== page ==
29 June 2017
Event phone: +44 (0)20 7408 2000
With Professor Andrew Hurst, University of Aberdeen & Professor Mads Huuse, University of Manchester
Sand injectites are the product of subsurface sand remobilization and injection. Large-scale sand injectites were first reported about a Century ago from outcrops in California where they were linked with oil migration through shales. Over the past three decades sand injectites have increasingly become important in the Paleocene to Eocene deepwater sandstone play of the North Sea Basin and injectites are important reservoir units in some of the largest ongoing developments in the UKCS including Mariner, Kraken and Catcher. Sand injection leads to enhanced connectivity across large distances of otherwise low permeabilty mudstones, and targeting of oil accumulations within large-scale sand injectite ‘wings’ has led to rejuvenation of fields such as Gryphon and Harding, although detailed geometries can be complex and difficult to model. Detailed outcrop work has provided vital analogue data that together with increasingly high-definition 3D seismic data are used to inform more optimal development and production scenarios of oil fields hosted in sand injectites.
This workshop aims to present an overview of the characteristics of large-scale sand injection complexes around the world and in California and the North Sea in particular and, to outline their importance to development and production. It should be of interest to anyone involved with exploration, development and production in deepwater clastic sequences including the North Sea Paleogene, but also more frontier areas such as the North and South Atlantic, East Africa, etc.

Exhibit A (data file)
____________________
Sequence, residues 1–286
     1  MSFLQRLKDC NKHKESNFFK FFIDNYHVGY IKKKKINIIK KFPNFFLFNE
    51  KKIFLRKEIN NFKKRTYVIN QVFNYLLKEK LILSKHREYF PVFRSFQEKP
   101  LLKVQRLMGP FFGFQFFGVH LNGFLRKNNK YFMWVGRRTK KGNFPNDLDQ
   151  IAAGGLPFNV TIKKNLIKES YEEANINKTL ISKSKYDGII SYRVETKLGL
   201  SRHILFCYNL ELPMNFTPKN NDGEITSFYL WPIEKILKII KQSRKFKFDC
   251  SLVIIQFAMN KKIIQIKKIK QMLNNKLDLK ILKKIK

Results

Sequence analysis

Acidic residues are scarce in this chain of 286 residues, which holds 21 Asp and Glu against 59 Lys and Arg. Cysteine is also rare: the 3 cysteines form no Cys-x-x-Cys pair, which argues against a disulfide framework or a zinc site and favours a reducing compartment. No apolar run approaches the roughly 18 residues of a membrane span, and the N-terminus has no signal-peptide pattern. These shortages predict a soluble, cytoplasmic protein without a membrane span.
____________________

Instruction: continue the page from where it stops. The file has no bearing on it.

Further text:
In most subsurface examples sand injectites co-exist with polygonal fault systems, affecting pelagic and hemipelagic deepwater mudstone sequences, although the presence of polygonal faults is difficult to confirm in most outcrop examples. The best exposures of sand injectites are located in the San Joaquin Basin where detailed examination of individual sandstone intrusions as well as entire injection complexes is possible over hundreds of square kilometres. Outcrop characterization provides useful analogues for subsurface modelling and highlights the significance of dykes which are notoriously difficult to image using subsurface techniques.
Widespread and repeated occurrence of sand injection within the North Sea and San Joaquin basins suggests that triggering and driving mechanisms affected large tracts of the basins more or less simultaneously, although the specific combination of processes has proven difficult to establish and may vary for each basin and injection episode. Impacts of large-scale sand remobilization includes major re-organization of basin plumbing systems, shifting of km3 of sand (reservoir), and insertion of field-size sandstone-prone intervals with geometrically complex geometry that imaging fails to resolve and modelling techniques struggle to represent. The focus of the workshop will be on identification and characterization of sand injectites and on the assessment of their impact on exploration and development.
University of Aberdeen
+44 (0)1224 272 000